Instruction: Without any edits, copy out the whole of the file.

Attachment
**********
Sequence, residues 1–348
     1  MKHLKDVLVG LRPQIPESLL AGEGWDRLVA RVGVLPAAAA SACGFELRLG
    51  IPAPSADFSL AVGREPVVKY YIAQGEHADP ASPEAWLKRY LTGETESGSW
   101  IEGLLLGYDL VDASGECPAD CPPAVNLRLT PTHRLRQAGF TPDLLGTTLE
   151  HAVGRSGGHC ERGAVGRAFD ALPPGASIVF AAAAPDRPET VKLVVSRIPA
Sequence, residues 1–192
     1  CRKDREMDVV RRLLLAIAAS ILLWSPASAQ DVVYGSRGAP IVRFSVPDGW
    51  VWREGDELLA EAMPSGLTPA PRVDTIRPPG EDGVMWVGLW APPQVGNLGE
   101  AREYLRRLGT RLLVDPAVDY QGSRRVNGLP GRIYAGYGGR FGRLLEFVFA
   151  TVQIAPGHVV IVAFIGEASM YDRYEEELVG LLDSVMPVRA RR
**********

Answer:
Sequence, residues 1–348
     1  MKHLKDVLVG LRPQIPESLL AGEGWDRLVA RVGVLPAAAA SACGFELRLG
    51  IPAPSADFSL AVGREPVVKY YIAQGEHADP ASPEAWLKRY LTGETESGSW
   101  IEGLLLGYDL VDASGECPAD CPPAVNLRLT PTHRLRQAGF TPDLLGTTLE
   151  HAVGRSGGHC ERGAVGRAFD ALPPGASIVF AAAAPDRPET VKLVVSRIPA
Sequence, residues 1–192
     1  CRKDREMDVV RRLLLAIAAS ILLWSPASAQ DVVYGSRGAP IVRFSVPDGW
    51  VWREGDELLA EAMPSGLTPA PRVDTIRPPG EDGVMWVGLW APPQVGNLGE
   101  AREYLRRLGT RLLVDPAVDY QGSRRVNGLP GRIYAGYGGR FGRLLEFVFA
   151  TVQIAPGHVV IVAFIGEASM YDRYEEELVG LLDSVMPVRA RR